Aminocoumarin

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Aminocoumarin is a class of antibiotics that act by an inhibition of the DNA gyrase enzyme involved in the cell division in bacteria. They are derived from Streptomyces species,[1] whose best-known representative - Streptomyces coelicolor - was completely sequenced in 2002.[2] The Aminocoumarin antibiotics include:

Structure[edit]

The core of aminocoumarin antibiotics is made up of a 3-amino-4,7-dihydroxycumarin ring, which is linked, e.g., with a sugar in 7-Position and a benzoic acid derivative in 3-Position.

Clorobiocin is a natural antibiotic isolated from several Streptomyces strains and differs from novobiocin in that the methyl group at the 8 position in the coumarin ring of novobiocin is replaced by a chlorine atom, and the carbamoyl at the 3' position of the noviose sugar is substituted by a 5-methyl-2-pyrrolylcarbonyl group.[3]

Mechanism of action[edit]

The aminocoumarin antibiotics are known inhibitors of DNA gyrase. Antibiotics of the aminocoumarin family exert their therapeutic activity by binding tightly to the B subunit of bacterial DNA gyrase, thereby inhibiting this essential enzyme.[4] They compete with ATP for binding to the B subunit of this enzyme and inhibit the ATP-dependent DNA supercoiling catalysed by gyrase.[5] X-ray crystallography studies have confirmed binding at the ATP-binding site located on the gyrB subunit of DNA gyrase.[3] Their affinity for gyrase is considerably higher than that of modern fluoroquinolones, which also target DNA gyrase but at the gyrA subunit.[6]

Resistance[edit]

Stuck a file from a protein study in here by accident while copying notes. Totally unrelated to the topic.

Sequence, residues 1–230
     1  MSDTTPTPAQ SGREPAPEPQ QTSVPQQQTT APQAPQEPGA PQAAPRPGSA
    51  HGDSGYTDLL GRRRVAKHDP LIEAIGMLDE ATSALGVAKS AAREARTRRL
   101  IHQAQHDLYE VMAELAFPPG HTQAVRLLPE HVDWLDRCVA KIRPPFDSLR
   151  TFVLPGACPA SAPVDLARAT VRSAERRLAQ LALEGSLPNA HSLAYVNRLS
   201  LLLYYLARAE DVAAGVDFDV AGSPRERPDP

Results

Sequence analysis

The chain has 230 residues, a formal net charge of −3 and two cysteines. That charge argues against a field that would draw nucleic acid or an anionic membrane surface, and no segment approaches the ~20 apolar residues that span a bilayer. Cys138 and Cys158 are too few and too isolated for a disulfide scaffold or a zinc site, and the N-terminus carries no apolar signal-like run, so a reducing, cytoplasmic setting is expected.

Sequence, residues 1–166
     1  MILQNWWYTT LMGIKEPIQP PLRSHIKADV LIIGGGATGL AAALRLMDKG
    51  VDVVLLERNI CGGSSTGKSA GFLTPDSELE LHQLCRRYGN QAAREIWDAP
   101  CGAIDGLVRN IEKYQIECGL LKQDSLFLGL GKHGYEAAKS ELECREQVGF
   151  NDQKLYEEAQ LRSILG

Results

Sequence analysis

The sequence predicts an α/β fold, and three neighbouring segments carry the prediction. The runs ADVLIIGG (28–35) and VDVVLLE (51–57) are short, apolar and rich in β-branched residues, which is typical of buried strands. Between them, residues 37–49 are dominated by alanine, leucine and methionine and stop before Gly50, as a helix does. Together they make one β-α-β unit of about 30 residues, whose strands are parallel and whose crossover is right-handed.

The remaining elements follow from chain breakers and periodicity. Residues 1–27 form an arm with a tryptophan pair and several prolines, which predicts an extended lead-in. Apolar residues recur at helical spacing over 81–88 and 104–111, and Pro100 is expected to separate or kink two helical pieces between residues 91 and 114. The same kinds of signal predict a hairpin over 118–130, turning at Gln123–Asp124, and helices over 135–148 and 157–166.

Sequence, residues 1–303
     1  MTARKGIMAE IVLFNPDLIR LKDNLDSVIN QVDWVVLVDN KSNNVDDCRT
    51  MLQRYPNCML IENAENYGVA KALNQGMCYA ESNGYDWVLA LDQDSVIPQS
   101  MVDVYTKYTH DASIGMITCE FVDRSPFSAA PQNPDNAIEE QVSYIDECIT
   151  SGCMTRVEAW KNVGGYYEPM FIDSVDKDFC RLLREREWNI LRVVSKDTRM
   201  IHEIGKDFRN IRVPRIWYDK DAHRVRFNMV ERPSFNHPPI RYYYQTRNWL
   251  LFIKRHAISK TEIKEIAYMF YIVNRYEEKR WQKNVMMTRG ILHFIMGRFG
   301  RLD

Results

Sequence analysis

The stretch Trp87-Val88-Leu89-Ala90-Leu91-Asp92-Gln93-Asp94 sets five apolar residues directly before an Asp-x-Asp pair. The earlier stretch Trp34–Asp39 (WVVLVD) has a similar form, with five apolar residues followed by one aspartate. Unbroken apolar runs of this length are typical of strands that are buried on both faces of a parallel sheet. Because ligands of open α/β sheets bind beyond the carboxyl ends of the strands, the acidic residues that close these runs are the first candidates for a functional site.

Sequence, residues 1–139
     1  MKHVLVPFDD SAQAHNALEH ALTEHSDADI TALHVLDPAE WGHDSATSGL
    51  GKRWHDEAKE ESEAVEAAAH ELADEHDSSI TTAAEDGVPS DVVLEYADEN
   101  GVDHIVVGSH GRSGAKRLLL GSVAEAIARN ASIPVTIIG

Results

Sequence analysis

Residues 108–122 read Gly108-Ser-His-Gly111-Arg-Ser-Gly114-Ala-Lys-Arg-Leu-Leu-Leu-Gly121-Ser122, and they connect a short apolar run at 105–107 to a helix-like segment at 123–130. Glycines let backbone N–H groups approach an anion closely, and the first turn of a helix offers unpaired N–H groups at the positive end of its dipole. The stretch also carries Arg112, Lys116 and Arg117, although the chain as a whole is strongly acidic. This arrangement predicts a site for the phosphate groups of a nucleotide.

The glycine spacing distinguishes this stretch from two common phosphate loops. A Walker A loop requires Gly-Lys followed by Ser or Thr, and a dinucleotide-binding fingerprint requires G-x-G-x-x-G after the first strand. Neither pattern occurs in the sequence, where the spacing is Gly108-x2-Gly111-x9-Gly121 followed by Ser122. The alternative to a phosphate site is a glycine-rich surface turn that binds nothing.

Resistance to this class of antibiotics usually results from genetic mutation in the gyrB subunit.[7] Other mechanisms include de novo synthesis of a coumarin-resistant gyrase B subunit by the novobiocin producer S. sphaeroides .[6]

Clinical use[edit]

The clinical use of this antibiotic class has been restricted due to the low water solubility, low activity against gram-negative bacteria,[5] and toxiciy in vivo of this class of antibiotics.[8]

References[edit]

  1. ^ Heide, L. (2009). "Chapter 18 AminocoumarinsMutasynthesis, Chemoenzymatic Synthesis, and Metabolic Engineering". Methods Enzymol. 459: 437–455. PMID 19362650. doi:10.1016/S0076-6879(09)04618-7. 
  2. ^ Bentley, SD; et al. (2002). "Complete genome sequence of the model actinomycete "Streptomyces coelicolor" A3(2)". Nature. 417: 141–147. PMID 12000953. doi:10.1038/417141a. 
  3. ^ a b Tsai, F.T.F.; Singh, O.M.; Wonacott, A.J.; Weston, S.; Tucker, A.; Pauptit, R.A.; Breeze, A.L.; Poyser, J.P.; O'Brien, R.; et al. (1997). "The high-resolution crystal structure of a 24-kDa gyrase B fragment from E. coli complexed with one of the most potent coumarin inhibitors, clorobiocin". Proteins. 28: 41–52. doi:10.1002/(sici)1097-0134(199705)28:1<41::aid-prot4>3.3.co;2-b. 
  4. ^ Galm, Ute, Heller, Stefanie, Shapiro, Stuart, Page, Malcolm, Li, Shu-Ming, Heide, Lutz Antimicrobial and DNA Gyrase-Inhibitory Activities of Novel Clorobiocin Derivatives Produced by Mutasynthesis Antimicrob. Agents Chemother. 2004 48: 1307–1312
  5. ^ a b Maxwell, A.; Lawson, D. M. (2003). "The ATP-binding site of type II topoisomerases as a target for antibacterial drugs". Curr Top Med Chem. 3: 283–303. PMID 12570764. doi:10.2174/1568026033452500. 
  6. ^ a b Schmutz, E; Mühlenweg, A; Li, SM; Heide, L (2003). "Resistance genes of aminocoumarin producers: two type II topoisomerase genes confer resistance against coumermycin A1 and clorobiocin". Antimicrob Agents Chemother. 47 (3): 869–77. doi:10.1128/aac.47.3.869-877.2003. 
  7. ^ Fujimoto-Nakamura, M.; Ito, H.; Oyamada, Y.; Nishino, T.; Yamagishi, J.-I. (2005). "Accumulation of Mutations in both gyrB and parE Genes Is Associated with High-Level Resistance to Novobiocin in Staphylococcus aureus". Antimicrob. Agents Chemother. 49 (9): 3810–3815. PMC 1195401Freely accessible. PMID 16127057. doi:10.1128/aac.49.9.3810-3815.2005. 
  8. ^ A. Maxwell, The interaction between coumarin drugs and DNA gyrase. Mol. Microbiol. 9 (1993), pp. 681–686.